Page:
This morning the Council’s Affordable Housing, Neighborhoods and Finance Committee took a close look at the Mayor’s proposal for increasing the business license fee and the B&O tax.
The Mayor is looking for $20 million per year to pay for expanding the police force, additional staff for the 911 call center, and IT investments related to police body-worn cameras and a data analysis platform.
The budget office figures they can find $7 million between general growth in city revenues and cost-cutting. The other $13 million they are proposing should be raised from increasing business license fees ($5 million) and the B&O tax ($8 million).
Today the business license fee is simple: if your business makes less than $20,000 annually, you pay $55. If it’s more than $20,000, you pay $110. That generates just under $7 million in revenues annually. Yes, that means Amazon’s business license costs them $110 per year, the same as that lady down the street that sells $21,000 worth of handmade jewelry on Etsy every year. You can see the opportunity here, and arguably it’s fair game.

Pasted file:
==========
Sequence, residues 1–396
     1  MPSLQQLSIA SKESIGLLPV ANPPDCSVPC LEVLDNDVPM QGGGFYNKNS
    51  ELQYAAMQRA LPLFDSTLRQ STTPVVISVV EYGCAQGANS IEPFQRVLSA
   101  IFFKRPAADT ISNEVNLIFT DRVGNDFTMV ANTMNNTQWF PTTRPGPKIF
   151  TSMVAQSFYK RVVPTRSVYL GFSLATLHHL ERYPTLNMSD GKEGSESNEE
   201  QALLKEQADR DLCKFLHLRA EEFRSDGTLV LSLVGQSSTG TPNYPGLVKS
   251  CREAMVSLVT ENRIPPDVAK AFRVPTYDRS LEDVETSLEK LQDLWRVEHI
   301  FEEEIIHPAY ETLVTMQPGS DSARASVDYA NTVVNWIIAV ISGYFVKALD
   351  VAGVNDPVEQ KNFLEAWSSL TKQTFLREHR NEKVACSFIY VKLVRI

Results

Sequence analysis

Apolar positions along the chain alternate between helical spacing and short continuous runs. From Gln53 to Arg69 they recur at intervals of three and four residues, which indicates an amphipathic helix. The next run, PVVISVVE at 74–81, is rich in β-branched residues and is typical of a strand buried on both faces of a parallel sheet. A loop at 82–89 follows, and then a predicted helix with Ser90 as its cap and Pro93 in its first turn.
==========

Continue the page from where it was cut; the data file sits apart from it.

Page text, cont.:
The plan is to change to a five-tiered fee system, still based on gross revenues.
This generates the needed $5 million in additional funds. It doesn’t do that much to impose fairness though: companies with revenues over $2 million are still paying a negligible amount for their business licenses, and the smallest companies are paying significantly more than they do now. It’s complicated because there are so many small companies and so fewer large ones; as budget director Ben Noble pointed out, if you reduce the fee for the lowest tier, you need to make a substantial increase to the higher tiers to compensate. Council member Tim Burgess’s office proposed three other structures as points of comparison:
It comes down to your goals in instituting the fees; you can minimize the pain for small businesses, or you can spread the pain around. Some are even proposing adding additional tiers for larger companies, but because the list of companies gets short — there are approximately 1000 companies in Seattle with more than $5 million in revenues — it’s difficult to raise much more money doing that.
The B&O tax conversation was simpler. State law caps the B&O tax, and further restricts increases to a maximum of 2% in any given year. The city’s proposal is to increase it by 3.2%, which takes it up to the cap, and to phase it over time to stay under the annual increase limit.
The Council didn’t arrive at any conclusions today, and didn’t vote on a specific proposal. But the clock is running: it will need to finalize the fee and tax rates before it recesses in August so that city staff have time to implement it before it takes effect in January.